The Giants winning the World Series over the Detroit Tigers was a triumph of the game of baseball – the essence of the game – after years of addiction to highlight reel home runs.
That the Giants beat a heavily favored opponent that relied on the home run, and was helpless to adapt when Giants pitchers took that power away, is just part of the story here.
You might have missed it because the network that carried the 2012 World Series had little idea how to describe what the Giants did or how they did it.
You might also have missed it because a national media heavily concentrated on the East Coast was caught flat-footed as unfamiliar players in Giants uniforms neutralized the story they expected to see but didn't.
Never miss a local story.
The Giants won by playing the kind of baseball that, save for a few exceptions, pretty much faded away during the era of steroids and the long ball – and the over-hyped coverage of that era.
The Giants won six consecutive elimination games and their last seven games of the postseason without a classic slugger, a Cy Young Award contender or an established closer.
That's almost never happened in more than 20 years of World Series champions, save for the 2005 Chicago White Sox and the 2003 Florida Marlins.
And even the '05 White Sox had Paul Konerko, who hit 40 home runs. The '03 Marlins had two sluggers – Derrek Lee and Mike Lowell – who each hit more than 30 home runs. No Giant came close to hitting 30 home runs in 2012.
Of the World Series champions since 1991, the dawn of the steroids era, only one champion scored fewer runs than the 718 by the 2012 Giants. Which team was that? The 2010 Giants, who won the World Series after scoring only 697 runs. By comparison, nine of the 14 World Series winners from 1996 to 2009 scored between 818 and 965 runs.
You have to go back to the 1990 Cincinnati Reds, who scored 693 runs, to find a team with less of the muscle and supposed glamour that took over the game until the current Giants took it back.
Yes, it's incredibly ironic that the former team of Barry Bonds – the one-time symbol of the steroids era – is the same team that went old school and won by turning away from muscle ball dominated by a star player.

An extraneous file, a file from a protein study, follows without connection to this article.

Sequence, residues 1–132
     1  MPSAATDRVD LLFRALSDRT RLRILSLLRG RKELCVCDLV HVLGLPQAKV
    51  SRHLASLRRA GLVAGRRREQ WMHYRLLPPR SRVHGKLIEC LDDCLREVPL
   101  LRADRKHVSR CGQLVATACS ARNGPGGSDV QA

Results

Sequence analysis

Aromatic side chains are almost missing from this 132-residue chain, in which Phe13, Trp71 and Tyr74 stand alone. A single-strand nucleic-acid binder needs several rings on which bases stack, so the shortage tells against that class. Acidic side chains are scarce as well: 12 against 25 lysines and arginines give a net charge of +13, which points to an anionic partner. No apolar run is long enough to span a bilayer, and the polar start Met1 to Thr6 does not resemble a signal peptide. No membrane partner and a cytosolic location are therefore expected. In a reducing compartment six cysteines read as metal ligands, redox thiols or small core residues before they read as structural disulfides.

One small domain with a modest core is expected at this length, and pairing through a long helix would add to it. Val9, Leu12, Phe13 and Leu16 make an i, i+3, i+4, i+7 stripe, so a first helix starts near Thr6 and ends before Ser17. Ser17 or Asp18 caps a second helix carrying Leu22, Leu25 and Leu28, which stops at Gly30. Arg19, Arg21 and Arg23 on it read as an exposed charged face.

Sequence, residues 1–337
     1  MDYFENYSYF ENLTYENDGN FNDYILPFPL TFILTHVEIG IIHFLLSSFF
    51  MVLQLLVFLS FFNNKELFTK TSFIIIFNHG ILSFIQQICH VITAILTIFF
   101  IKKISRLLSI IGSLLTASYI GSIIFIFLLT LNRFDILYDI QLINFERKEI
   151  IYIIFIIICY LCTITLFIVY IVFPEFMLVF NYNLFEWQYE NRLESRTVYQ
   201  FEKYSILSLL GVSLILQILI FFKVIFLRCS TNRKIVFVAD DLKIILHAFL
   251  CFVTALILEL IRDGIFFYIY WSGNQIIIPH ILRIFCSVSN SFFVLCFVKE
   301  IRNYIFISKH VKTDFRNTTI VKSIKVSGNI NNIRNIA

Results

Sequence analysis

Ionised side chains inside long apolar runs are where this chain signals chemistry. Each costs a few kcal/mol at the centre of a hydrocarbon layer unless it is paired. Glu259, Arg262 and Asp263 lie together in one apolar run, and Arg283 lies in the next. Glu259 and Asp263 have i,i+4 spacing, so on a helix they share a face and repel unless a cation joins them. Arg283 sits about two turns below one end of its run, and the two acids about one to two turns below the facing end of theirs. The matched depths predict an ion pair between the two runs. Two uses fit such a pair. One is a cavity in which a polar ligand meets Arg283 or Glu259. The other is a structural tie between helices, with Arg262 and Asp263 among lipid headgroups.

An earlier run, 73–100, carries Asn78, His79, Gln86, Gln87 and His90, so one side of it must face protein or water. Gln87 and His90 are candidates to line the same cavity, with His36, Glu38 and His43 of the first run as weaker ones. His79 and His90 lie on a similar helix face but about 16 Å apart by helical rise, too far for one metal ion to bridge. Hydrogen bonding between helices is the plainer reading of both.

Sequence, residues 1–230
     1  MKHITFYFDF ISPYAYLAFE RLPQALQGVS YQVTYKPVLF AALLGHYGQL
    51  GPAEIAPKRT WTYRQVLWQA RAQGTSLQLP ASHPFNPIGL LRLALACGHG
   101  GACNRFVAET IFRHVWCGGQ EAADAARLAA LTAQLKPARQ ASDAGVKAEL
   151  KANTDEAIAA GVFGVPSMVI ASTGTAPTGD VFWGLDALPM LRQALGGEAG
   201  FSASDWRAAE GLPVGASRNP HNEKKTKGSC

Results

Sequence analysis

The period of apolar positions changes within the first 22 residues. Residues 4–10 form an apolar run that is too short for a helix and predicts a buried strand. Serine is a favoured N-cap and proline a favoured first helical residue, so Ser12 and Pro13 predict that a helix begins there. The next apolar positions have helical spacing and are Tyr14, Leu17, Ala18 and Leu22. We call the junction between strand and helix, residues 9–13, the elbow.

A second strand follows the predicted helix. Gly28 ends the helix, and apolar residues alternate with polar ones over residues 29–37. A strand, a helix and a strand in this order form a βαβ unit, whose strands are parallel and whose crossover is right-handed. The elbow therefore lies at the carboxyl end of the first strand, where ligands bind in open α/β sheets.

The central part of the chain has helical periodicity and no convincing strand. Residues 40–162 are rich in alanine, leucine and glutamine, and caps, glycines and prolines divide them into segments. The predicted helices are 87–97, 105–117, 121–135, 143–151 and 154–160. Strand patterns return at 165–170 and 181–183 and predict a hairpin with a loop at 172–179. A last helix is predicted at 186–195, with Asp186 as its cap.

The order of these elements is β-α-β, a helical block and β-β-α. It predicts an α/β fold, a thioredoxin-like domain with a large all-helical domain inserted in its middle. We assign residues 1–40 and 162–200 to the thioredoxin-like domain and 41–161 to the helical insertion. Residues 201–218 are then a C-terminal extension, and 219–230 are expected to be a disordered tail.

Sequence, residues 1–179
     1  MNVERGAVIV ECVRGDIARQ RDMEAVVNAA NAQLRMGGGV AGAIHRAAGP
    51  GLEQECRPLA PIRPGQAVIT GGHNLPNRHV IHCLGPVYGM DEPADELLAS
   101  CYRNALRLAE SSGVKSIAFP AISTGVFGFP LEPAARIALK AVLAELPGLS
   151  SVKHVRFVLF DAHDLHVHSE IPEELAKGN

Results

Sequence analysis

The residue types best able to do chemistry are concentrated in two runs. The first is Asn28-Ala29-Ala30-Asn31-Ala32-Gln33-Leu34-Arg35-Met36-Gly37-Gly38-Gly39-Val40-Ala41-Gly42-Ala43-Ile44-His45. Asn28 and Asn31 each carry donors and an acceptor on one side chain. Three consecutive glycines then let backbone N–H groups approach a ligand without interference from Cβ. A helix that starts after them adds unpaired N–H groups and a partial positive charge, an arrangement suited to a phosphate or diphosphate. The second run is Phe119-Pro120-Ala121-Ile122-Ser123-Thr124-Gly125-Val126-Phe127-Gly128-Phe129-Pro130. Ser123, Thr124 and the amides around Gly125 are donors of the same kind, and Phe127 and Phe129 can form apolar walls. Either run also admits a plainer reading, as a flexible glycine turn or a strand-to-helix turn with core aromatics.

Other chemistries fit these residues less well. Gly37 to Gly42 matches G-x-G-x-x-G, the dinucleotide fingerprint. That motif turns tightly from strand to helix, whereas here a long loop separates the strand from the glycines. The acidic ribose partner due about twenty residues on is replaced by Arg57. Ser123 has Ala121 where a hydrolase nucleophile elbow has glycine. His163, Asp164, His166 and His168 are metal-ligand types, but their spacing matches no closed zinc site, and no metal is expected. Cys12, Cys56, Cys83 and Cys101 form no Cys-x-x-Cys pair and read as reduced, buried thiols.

It's also very telling that these Giants took flight after their best hitter, Melky Cabrera, was suspended for using performance-enhancing drugs.
Even though the Giants are built on pitching, their starters often didn't pitch great in the regular season. Though he battled courageously in the World Series clincher, Matt Cain was far from peak form.
The Giants' pitching was about the resurrection of Barry Zito's career – and Ryan Vogelsong and Tim Lincecum. Giants manager Bruce Bochy shuffled his bullpen after closer Brian Wilson went down with injury and he kept shuffling until Sergio Romo emerged as the closer.
And the Giants used advanced scouting to brilliantly position players to make plays. So when the Tigers crushed pitches, Giants outfielders Gregor Blanco, Angel Pagan and Hunter Pence ran them down with their great speed.
The Giants won with very green players at first base and shortstop and with relievers such as Jeremy Affeldt, who is barely known outside Northern California. Catcher Buster Posey will probably win the National League MVP award, and he did have 103 RBIs, but his power numbers are more in line with MVPs from the 1970s.
What Posey does have is what Cain has and what Bochy instills – a selfless grit to do whatever it takes for the collective group to win.
When the Tigers couldn't win with the long ball, neither they – nor the media covering the series – knew what to do but say, "Wow."
Call The Bee's Marcos Breton, (916) 321-1096.